In Memory of Glenn C.

Editor’s Note: The message below comes from the Symposium on AA History, which will be hosting its next meeting in January 2021. Click the link for more info about the group. On July 27, 2020 one of our fellowship’s finest historians, Glenn C. passed away in his sleep. Glenn was integral in the formation andContinue reading “In Memory of Glenn C.”

Unidad, Servicio y Recuperación: Twelve-Step Recovery in Civil War Guatemala, Part II

Editor’s Note: Today we finish our two-part series from Dr. Heather Vrana on the history of Alcoholics Anonymous in Latin America. Check out the first part here. You can find out more about Dr. Vrana and her work here.  Treatments tell us about more than scientific understandings of ailments. They also reveal cultural and socialContinue reading “Unidad, Servicio y Recuperación: Twelve-Step Recovery in Civil War Guatemala, Part II”

Unidad, Servicio y Recuperación: Twelve-Step Recovery in Civil War Guatemala, Part I

Editor’s Note: Today’s post comes from Dr. Heather Vrana. Vrana (Ph.D. Indiana University, 2013) is Associate Professor of Modern Latin America in the Department of History at the University of Florida. Vrana’s research interests include disability, social movements, human rights, photography, and youth and student movements in Central America. She is author of the monograph ThisContinue reading “Unidad, Servicio y Recuperación: Twelve-Step Recovery in Civil War Guatemala, Part I”

Recovery at the Grassroots: Addicts, Alcoholics, and Communal Living in Postwar Los Angeles

Editor’s Note: Today’s post comes from contributing editor Jordan Mylet, a doctoral candidate in history at the University of California, San Diego. This is Part 2 in a series on The Addict and Addiction Treatment Before the War on Drugs.  In the early 1950s, just a few years after a group of patients at the federal narcoticsContinue reading “Recovery at the Grassroots: Addicts, Alcoholics, and Communal Living in Postwar Los Angeles”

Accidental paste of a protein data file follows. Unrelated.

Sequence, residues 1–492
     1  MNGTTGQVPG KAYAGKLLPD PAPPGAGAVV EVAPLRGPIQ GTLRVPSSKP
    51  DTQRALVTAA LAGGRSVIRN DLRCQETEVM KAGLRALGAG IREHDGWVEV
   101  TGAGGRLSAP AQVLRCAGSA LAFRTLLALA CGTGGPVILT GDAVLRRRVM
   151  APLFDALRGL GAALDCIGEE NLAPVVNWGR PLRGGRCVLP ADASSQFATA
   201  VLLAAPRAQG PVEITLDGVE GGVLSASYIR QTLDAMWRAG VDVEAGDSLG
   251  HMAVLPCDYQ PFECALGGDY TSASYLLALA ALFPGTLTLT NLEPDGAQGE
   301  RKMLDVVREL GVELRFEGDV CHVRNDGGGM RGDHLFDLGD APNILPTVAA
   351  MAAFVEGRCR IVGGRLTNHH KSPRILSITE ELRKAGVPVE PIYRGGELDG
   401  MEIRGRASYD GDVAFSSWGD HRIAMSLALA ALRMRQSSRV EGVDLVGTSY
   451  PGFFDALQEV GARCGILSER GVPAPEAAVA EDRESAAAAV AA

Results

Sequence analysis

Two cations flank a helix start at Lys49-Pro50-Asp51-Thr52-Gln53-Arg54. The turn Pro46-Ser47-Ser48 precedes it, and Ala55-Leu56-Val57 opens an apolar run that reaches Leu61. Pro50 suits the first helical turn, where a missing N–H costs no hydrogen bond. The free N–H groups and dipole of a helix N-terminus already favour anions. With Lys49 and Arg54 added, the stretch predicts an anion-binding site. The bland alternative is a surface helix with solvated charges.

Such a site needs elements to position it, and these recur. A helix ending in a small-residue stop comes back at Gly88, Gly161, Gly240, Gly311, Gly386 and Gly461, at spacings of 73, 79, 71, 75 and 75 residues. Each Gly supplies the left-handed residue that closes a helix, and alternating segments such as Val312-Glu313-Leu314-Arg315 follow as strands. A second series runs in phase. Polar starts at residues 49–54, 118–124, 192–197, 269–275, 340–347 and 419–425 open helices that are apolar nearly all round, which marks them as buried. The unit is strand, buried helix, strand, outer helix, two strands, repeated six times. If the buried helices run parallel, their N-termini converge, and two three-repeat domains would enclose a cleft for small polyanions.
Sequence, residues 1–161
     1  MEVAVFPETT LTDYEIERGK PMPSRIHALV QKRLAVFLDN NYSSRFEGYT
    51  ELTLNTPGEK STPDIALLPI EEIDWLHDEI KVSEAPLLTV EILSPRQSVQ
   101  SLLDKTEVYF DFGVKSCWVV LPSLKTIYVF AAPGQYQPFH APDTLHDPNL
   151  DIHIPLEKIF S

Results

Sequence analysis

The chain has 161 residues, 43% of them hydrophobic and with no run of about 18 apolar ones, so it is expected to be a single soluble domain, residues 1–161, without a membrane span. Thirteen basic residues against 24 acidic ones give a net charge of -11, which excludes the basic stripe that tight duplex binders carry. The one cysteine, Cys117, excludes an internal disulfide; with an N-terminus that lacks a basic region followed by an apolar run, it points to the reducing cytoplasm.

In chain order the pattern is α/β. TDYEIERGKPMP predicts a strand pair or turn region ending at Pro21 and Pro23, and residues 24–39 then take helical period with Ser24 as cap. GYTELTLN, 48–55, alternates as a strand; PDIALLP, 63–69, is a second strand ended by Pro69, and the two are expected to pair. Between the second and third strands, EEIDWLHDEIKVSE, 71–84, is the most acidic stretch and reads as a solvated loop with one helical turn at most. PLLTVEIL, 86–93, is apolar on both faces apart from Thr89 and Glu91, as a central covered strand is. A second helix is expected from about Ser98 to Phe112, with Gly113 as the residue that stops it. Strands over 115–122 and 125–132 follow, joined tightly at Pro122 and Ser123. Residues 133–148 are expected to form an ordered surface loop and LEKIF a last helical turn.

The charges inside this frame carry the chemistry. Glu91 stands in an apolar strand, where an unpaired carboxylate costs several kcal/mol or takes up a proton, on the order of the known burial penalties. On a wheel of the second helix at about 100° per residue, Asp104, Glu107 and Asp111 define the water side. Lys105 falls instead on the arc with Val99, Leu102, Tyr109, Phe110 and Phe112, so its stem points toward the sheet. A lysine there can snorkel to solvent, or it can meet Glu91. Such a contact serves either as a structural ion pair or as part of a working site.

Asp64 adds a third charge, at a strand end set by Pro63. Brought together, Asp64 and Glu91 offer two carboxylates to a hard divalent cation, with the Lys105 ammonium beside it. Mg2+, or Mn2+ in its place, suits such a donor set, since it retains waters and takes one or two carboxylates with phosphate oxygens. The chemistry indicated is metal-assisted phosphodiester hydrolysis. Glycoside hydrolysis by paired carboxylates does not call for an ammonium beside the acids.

Challenging the Foundation Myths

Editor’s Note: Today’s post comes from Matthew J. Raphael, a retired professor of English. Raphael is author of Bill W. and Mr. Wilson (University of Massachusetts Press, 2000), as well as other books and essays on the place of alcohol in American literature and culture. “Over the years,” observes William H. Schaberg in Writing theContinue reading “Challenging the Foundation Myths”

Magic Cures and their Discontents: The Belladonna Treatment in the Early Twentieth-Century

Editor’s Note: Today’s post comes from contributing editor Jordan Mylet. Mylet is a doctoral candidate in history at the University of California, San Diego.  When Bill Wilson had the “spiritual awakening” at the upscale Charles B. Towns Hospital in New York City that would inspire the founding and program of Alcoholics Anonymous, he probably didn’t knowContinue reading “Magic Cures and their Discontents: The Belladonna Treatment in the Early Twentieth-Century”

Points Bookshelf: “US of AA” by Joe Miller

Editor’s Note: Today’s post comes from Dr. Jeremy Milloy, the W. P. Bell Postdoctoral Fellow at Mount Allison University. In it, he adds to our Points Bookshelf series, where we examine and review recent books about alcohol and drug history. More than a traditional review, however, Milloy also interviews Miller. Enjoy!  Alcoholics Anonymous is oneContinue reading “Points Bookshelf: “US of AA” by Joe Miller”

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